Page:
Unobserved heterogeneity in dynamic games: Cannibalization and preemptive entry of hamburger chains in Canada

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Nathan Yang

AuthorsIgami, M., Yang, N.

Publication: Quantitative Economics 

Abstract

We develop a dynamic entry model of multi-store oligopoly with heterogeneous markets, and estimate it using data on hamburger chains in Canada (1970–2005). Because more lucrative markets attract more entry, firms appear to favor the presence of more rivals. Thus unobserved heterogeneity across geographical markets creates an endogeneity problem and poses a methodological challenge in the estimation of dynamic games, which we address by combining the procedures proposed by Kasahara and Shimotsu (2009), Arcidiacono and Miller (2011), and Bajari, Benkard, and Levin (2007). The results suggest that the omission of unobserved market heterogeneity attenuates the estimates of competition, and the trade-off between cannibalization and preemption is an important factor behind the evolution of market structure.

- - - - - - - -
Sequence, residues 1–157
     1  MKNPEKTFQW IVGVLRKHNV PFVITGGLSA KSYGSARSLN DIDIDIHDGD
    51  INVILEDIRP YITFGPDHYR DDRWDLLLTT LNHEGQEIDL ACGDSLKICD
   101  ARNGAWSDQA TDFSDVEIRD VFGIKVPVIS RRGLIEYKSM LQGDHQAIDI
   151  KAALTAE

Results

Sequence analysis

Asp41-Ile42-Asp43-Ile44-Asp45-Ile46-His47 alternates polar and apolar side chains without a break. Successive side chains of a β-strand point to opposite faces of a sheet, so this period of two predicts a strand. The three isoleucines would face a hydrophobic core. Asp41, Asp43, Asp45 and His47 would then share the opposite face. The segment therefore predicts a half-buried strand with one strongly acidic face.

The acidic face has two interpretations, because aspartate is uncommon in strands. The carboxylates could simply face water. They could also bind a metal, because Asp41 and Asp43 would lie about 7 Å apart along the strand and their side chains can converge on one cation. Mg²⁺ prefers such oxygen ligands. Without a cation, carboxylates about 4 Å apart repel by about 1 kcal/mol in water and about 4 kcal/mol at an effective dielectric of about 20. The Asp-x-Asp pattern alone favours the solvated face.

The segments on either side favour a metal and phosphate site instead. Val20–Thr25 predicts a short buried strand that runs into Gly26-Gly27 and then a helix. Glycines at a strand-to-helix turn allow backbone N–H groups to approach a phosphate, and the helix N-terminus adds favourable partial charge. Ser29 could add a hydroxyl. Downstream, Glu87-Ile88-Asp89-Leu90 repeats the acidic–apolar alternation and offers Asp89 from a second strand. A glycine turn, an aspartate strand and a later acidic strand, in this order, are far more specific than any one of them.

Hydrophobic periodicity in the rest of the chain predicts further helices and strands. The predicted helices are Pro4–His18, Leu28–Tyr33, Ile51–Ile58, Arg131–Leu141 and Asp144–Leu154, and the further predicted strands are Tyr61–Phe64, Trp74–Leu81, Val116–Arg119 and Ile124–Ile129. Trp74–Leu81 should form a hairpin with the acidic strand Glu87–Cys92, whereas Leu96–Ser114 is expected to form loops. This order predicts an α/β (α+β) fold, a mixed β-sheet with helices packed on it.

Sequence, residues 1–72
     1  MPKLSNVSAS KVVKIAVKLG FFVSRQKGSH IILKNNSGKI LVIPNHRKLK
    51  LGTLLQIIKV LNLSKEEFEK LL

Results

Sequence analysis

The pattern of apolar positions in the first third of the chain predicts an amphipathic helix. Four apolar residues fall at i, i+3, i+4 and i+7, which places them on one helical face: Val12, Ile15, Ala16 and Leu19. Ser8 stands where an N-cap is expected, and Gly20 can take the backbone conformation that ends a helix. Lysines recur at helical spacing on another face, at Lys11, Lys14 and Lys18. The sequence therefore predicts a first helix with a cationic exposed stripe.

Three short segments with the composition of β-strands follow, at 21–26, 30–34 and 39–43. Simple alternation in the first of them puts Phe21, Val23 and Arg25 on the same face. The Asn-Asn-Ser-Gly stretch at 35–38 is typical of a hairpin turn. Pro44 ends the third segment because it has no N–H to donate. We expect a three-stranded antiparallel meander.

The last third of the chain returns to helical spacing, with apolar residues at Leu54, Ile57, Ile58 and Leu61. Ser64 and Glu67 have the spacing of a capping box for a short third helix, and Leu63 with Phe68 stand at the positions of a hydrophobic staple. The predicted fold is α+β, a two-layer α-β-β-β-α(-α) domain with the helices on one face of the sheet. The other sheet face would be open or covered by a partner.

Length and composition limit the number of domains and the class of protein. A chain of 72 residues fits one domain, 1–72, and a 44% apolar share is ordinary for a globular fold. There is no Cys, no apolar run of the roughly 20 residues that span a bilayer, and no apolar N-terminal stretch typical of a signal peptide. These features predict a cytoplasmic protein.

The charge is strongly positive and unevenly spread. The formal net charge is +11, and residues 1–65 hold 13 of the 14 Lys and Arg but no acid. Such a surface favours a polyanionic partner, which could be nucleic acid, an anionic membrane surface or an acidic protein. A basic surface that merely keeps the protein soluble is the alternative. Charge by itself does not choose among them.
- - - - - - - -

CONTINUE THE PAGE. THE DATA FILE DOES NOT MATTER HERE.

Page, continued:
Read full article: Quantitative Economics, July 20, 2016